How to spread joy through art?
Meet the painter JP Mika’s!
With his paintings that spread joy and good humor, JP Mika is emerging today in the sphere of big names in Congolese painting such as Chéri Samba, Bodo, Chéri Cherin, Shula, Chéri Benga, Moké fils.
Jean-Paul Nsimbe Mika was born in 1980 in Kinshasa in a poor family. Very early on, he began to monetize his artistic talent and at the age of 13, to earn a living, he painted murals, billboards, advertisements for music groups in his neighborhood:
“It fed me , but also my little brothers and sisters. It’s my way. I like to help others. We were poor but, at the same time, we were also rich ”.
Despite many financial difficulties during his secondary studies, he obtained his State diploma in commercial and administrative studies. His income from billboards sales allowed him to finance his higher studies in painting at the Academy of Fine Arts in Kinshasa; he graduated in 2007.
Meeting with emblematic figures of Congolese painting
Then he met the father of Congolese painting “Chéri Chérin” who took him under his wing. Through his master, he met the other emblematic figure of Congolese painting, Chéri Samba. In 2008, JP Mika was selected to accompany Chéri Chérin at an exhibition in Bilbao, Spain. This is the first step towards international recognition.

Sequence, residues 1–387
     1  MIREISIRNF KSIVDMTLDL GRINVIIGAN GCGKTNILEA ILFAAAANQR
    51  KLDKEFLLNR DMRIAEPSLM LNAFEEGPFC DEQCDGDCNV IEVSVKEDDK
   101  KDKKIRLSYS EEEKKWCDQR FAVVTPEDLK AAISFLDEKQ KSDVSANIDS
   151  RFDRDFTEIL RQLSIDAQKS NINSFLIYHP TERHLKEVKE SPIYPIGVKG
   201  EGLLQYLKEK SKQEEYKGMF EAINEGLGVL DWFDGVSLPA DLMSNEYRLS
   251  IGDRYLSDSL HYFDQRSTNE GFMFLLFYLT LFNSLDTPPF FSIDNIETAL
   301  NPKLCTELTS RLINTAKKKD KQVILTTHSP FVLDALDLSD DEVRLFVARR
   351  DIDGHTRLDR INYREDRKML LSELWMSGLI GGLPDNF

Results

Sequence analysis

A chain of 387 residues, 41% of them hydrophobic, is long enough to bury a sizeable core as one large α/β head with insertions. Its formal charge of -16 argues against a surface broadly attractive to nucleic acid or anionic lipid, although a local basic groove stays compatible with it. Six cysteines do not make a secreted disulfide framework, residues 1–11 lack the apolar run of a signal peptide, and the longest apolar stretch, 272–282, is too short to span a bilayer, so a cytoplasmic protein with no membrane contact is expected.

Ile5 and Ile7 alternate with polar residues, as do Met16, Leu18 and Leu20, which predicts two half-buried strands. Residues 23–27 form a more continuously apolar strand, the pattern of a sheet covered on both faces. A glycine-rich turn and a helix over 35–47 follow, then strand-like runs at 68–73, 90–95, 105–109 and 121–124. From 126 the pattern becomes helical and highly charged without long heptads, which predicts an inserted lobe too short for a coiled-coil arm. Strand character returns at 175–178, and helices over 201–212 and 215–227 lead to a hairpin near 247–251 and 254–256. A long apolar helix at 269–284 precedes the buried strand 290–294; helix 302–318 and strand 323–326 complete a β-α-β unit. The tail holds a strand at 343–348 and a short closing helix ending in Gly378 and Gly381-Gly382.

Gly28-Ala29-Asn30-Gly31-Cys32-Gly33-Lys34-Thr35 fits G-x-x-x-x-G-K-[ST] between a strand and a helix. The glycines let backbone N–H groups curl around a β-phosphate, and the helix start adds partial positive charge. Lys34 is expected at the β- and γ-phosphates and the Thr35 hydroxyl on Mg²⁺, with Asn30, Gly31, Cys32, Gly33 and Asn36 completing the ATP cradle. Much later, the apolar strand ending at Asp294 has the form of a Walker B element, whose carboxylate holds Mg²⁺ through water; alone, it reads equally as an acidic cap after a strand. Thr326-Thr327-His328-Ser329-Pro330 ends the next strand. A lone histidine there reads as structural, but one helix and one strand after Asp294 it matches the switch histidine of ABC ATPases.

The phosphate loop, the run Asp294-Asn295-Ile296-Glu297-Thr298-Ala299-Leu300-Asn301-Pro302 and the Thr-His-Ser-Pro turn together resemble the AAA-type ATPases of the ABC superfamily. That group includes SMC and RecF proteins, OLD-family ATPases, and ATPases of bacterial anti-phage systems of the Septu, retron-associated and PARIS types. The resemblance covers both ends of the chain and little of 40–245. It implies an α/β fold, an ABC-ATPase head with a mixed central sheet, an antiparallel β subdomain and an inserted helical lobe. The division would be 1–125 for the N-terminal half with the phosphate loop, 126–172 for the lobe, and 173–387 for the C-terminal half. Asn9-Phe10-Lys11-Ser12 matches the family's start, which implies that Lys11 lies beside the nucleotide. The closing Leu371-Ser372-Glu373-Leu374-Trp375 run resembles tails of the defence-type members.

In 2011, he presented the series “Deux temps deux modes” in which he confronted past and present fashions by featuring animals in line with the popular style which is fond of animal representations. For a long time he was influenced by the themes, compositions and techniques of his elders.
Joy and beauty
Gradually, he developed his own style which set him apart from other artists. He will choose portraits and opt for canvases with very colorful backgrounds or fabrics with floral patterns that evoke the wallpapers of yesteryear. He is also very attached to details which he was criticized for during his studies in fine arts. The flowers very present in his universe represent, according to him, a symbol of joy. His paintings are often large and this technique gives an energy and a unique character to his works. Through his paintings, he wishes to show joy, hope and happiness!
The “Beauté Congo” exhibition at the Cartier Foundation in 2015 marked an important career turning point.
JP Mika also celebrates Fidelity, Divine greatness, The Lovers, but above all “Sango Malamu”, the good news.
“With us, there may be someone who has no means, but he is happy,” he said. This is really a special feature. Me, even if I am in difficulty, I remain happy. With this painting, I say: Even if someone has lost hope, good news can still come. This work announces the good news to everyone. “
Even when he touches on serious themes, JP Mika strives to sublimate the existence of human beings. In Migratory Disease, he focuses on the reunion of an immigrant couple, with a baby who discovers his father:
“I represent the joy of seeing each other again. I didn’t want to show all the difficulties behind it. I like to give people hope and joy.”
In 2019, he presented his first solo exhibition outside Africa, at the Magnin-A gallery in Paris. The title “Bisengo” which means joy wonderfully reflects the artworks presented: joy, enchantment and inventiveness!